Fitness on Demand
After a long week, I’m looking forward to my Thursday Zumba shakedown. It’s raining and traffic is a nightmare. Good thing I only have to walk 10 steps from my front door to my laptop to be in the front row. That’s because the class I’m taking is online, with an instructor leading me through the moves in real time.
Anyone who’s ever stood despairingly in front of a screen watching a perky, rail-thin YouTube sensation bend in superhuman ways knows that interaction and feedback are essential components to getting fit. Enter the next generation of virtual fitness: live online classes and training sessions. It’s a method that’s becoming increasingly popular with local instructors—and their busy clients.
Gina Fay (pictured), owner of DanceFit, in Brookline and Natick, first brought her group fitness classes to the Web four years ago, when she took a break from the studio after her first son was born. She continues to lead live classes from the comfort of her own home, interacting with participants via Skype as they follow along with the moves. It’s a concept that’s proved popular with DanceFit’s busy clientele: Of the studio’s 100 or so regular virtual clients, 80 have never set foot in a physical studio. “Repeat business is very high because it’s a real class,” says Fay of the studio’s $15 barre, yoga, Zumba, and Pilates Web sessions. “I watch form to make sure they are lifting the right leg or opening their hips.”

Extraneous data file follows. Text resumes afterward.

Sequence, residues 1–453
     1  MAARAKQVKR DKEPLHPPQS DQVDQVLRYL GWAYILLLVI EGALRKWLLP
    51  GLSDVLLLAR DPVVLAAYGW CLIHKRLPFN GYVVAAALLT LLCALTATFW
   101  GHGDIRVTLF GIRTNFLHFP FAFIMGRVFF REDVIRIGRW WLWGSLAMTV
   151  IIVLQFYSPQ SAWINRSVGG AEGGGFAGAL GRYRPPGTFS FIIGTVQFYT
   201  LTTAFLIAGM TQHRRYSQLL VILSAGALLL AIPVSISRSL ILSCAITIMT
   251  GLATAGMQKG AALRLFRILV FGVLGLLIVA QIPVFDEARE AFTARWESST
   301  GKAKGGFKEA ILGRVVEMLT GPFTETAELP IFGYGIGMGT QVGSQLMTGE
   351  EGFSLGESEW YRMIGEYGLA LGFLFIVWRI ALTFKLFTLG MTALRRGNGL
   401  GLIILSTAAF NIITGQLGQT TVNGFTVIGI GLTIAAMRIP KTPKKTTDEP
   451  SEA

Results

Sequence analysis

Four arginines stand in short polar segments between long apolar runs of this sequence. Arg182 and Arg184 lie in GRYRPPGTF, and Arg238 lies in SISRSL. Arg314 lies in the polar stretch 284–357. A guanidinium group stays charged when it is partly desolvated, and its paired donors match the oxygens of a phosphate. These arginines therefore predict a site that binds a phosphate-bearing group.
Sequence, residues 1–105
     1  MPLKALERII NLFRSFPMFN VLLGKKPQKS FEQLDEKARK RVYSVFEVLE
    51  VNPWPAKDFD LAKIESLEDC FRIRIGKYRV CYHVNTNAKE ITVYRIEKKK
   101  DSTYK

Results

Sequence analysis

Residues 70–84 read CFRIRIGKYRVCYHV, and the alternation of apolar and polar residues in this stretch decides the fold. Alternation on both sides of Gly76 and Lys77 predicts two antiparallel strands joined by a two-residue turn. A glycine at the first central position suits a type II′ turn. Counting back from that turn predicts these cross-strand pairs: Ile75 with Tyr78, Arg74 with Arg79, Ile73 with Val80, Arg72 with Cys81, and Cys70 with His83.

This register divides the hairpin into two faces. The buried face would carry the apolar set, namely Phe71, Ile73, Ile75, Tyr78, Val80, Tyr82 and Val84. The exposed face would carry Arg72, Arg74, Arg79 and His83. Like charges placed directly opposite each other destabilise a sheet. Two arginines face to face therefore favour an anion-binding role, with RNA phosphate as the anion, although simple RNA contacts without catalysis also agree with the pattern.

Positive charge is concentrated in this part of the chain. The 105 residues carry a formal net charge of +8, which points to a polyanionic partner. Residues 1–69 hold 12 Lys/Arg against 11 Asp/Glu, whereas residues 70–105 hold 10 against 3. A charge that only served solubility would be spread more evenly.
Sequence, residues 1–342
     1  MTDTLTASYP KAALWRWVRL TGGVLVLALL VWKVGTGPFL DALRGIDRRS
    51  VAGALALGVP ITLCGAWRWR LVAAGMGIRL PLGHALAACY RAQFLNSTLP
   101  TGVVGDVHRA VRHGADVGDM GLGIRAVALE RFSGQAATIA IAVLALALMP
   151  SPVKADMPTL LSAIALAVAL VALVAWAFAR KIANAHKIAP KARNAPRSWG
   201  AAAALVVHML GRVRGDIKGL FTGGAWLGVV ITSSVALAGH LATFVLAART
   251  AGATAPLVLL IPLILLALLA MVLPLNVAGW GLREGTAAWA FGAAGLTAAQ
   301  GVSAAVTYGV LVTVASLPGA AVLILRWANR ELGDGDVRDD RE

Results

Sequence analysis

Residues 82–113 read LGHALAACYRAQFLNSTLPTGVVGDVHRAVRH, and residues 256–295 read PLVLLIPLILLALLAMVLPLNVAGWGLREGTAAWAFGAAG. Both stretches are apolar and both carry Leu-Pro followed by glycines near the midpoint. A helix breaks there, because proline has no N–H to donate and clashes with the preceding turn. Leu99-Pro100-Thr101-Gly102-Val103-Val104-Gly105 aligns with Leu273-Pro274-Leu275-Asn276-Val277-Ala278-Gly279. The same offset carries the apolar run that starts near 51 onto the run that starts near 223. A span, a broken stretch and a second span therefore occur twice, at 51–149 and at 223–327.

For Jeff Butterworth—the owner of RX Strength Training, in Somerville—going digital was essential to his business: He remotely trains Miss United States contestants who live all over the country. But you don’t have to be on the pageant circuit to sign up for Butterworth’s online package. For around $100 a month, participants get twice-weekly personal Skype sessions, plus four to five written workouts with coaching and prerecorded instructional videos—“like a virtual manual,” he says.
The one drawback? While the trainer can see you and correct your form over video chat, he or she can also peep your untidy digs. “Clients ask, ‘Will you be able to see me? My house is messy,’” Fay says with a laugh. “I tell them that they just have to clear enough space to lay down a yoga mat. We see kids running around, we see dirty laundry—that is all part of the program.”